Peshkado frito (in Andalusian dialect, pescaíto frito) was one of them. The dish of white fish, typically cod or haddock, fried in a thin coat of flour, was a favorite particularly among Portuguese Marranos, who fried it on Friday nights to prepare for the Sabbath, as the Mosaic laws prohibited cooking. Allegedly, the batter preserved the fish so it could be eaten cold, and without sacrificing too much flavor, the following day.
It was a hit. Fish prepared “in the Jewish manner” was sold on the streets of London on any given day. And at the end of the week, eating fish on Friday was a part of religious observance for Jews and Christians alike—as "fish fasting" to avoid consuming warm-blooded animals has been a part of the Catholic tradition for centuries.
But the Friday-night tradition was likely chipless until the late-19th century. The general popularity of the potato bloomed late in Europe, and it wasn’t until the late 1800s that the tuber was accepted, due especially to the promotional efforts of a French scientist. Though there are several theories of how the potato came to England—and how it became the “chip” we know and love today—one historical account credits a tripe vendor by the name of Mrs. "Granny" Duce with selling the first fried cut potatoes to the public.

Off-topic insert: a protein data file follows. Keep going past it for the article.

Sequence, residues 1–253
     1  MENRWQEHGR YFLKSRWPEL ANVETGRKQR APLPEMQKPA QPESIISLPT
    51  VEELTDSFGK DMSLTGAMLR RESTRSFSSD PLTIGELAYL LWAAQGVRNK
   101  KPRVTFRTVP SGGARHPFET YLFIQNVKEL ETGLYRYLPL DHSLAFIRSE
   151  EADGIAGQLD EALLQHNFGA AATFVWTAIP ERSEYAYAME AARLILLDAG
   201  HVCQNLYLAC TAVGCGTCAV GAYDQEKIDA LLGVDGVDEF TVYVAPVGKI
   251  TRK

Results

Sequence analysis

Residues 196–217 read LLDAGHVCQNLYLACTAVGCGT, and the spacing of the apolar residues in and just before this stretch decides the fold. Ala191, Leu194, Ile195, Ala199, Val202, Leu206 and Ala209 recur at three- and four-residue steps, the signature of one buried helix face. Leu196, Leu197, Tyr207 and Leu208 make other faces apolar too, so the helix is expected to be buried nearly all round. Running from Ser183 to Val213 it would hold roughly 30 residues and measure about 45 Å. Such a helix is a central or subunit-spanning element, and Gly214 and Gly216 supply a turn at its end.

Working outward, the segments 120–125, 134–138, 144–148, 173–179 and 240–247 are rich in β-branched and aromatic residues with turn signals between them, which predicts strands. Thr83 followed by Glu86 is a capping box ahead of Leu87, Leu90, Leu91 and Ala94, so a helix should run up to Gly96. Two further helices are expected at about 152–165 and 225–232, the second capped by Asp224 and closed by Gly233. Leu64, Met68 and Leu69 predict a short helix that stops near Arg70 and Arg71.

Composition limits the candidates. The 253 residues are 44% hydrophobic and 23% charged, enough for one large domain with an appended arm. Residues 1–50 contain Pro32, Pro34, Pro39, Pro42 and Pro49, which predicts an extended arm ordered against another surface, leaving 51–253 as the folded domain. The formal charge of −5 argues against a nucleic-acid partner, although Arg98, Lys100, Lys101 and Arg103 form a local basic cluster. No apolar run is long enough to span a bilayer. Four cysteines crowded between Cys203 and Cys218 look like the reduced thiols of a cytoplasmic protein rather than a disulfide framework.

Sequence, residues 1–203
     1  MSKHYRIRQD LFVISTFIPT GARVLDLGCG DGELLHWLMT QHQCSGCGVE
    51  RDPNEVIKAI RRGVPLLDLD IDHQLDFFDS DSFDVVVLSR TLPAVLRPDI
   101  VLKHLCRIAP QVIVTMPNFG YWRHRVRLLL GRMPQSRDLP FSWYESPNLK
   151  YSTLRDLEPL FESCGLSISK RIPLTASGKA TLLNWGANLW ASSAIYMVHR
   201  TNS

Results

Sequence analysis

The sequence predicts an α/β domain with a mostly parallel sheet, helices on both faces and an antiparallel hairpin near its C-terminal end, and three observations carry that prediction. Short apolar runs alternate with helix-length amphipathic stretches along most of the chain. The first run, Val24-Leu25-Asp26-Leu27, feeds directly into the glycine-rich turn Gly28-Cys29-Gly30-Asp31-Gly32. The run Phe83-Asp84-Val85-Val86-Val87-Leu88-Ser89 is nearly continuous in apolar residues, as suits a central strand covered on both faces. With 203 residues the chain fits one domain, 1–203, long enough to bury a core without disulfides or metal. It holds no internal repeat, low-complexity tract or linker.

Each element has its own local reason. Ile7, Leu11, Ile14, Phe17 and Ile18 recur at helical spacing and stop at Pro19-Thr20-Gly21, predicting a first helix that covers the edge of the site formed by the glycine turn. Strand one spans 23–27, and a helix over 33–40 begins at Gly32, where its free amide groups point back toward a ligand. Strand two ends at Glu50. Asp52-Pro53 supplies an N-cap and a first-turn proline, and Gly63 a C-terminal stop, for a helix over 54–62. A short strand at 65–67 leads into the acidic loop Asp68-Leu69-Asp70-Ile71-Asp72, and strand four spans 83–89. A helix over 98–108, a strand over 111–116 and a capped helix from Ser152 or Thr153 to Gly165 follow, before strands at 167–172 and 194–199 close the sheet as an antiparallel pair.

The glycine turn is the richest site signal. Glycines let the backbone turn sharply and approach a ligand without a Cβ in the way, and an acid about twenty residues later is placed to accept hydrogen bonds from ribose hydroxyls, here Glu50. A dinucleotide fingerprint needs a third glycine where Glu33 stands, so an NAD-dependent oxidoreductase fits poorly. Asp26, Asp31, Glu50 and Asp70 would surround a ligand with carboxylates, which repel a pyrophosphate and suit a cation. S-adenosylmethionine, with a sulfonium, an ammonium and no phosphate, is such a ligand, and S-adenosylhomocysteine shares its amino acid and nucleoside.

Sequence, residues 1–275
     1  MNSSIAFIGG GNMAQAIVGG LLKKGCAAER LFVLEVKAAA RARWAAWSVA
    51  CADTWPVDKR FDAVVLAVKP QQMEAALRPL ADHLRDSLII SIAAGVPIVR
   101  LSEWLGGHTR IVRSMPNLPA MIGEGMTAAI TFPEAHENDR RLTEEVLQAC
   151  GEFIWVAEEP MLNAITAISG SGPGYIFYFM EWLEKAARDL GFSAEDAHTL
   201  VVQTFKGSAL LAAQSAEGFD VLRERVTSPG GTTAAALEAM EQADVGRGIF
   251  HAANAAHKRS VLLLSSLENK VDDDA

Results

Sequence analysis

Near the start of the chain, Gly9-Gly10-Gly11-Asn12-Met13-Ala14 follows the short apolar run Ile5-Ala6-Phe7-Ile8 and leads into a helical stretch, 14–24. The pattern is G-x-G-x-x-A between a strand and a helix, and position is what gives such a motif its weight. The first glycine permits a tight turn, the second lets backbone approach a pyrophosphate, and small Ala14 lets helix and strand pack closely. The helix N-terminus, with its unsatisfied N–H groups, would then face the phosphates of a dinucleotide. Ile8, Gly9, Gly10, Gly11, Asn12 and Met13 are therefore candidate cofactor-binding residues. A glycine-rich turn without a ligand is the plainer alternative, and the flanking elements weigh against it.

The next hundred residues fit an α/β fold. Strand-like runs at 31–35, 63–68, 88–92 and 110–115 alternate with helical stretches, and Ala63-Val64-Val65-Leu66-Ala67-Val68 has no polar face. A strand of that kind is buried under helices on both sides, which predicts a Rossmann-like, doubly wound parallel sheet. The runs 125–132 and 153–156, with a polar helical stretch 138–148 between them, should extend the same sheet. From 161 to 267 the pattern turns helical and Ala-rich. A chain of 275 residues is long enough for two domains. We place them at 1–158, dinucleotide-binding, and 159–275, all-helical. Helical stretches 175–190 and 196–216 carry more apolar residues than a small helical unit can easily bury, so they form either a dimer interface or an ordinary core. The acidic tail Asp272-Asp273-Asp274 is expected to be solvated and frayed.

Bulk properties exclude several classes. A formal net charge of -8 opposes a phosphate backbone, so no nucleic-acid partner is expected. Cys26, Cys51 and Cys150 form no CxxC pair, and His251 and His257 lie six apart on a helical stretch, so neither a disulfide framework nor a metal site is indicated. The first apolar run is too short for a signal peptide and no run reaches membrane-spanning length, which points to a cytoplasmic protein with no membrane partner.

There are also competing theories about who created the pairing of, as Churchill called them, “good companions.” Most trace it back to the early 1860s, when Joseph Malins, a Jewish immigrant, opened up a fish and chips shop in London. Others point to John Lee, a man living outside of Manchester, who ran a “chipped potato” restaurant that sold the beloved pairing.
Whether the winning combo was first slapped together by John or Joseph or someone else entirely, it soon became everybody’s dish. British natives and immigrants alike began slathering their cod in batter and frying up husky chips. Industrialization in the 19th and early 20th centuries launched the fish dish to even greater heights, as it became a favorite for factory and mill workers in London and beyond. And while its religious connotations are hidden today, many admirers remain devoted to the beloved international, national dish.
Welcome back! Recently, we asked Atlas Obscura readers to tell us about the places they can't stay away from. These are the destinations you keep returning to whenever you have the chance, despite the obvious appeal of using that time to go somewhere new. We wanted to hear about why some places continue to call to you over and over, and you came back with some truly incredible, inspirational stories.
Cities, islands, and mountains have all become travel touchstones for many of our readers. One of you has been visiting the same crumbling dam every time you see your family, and several of you wrote eloquently about the natural wonders of Yellowstone National Park.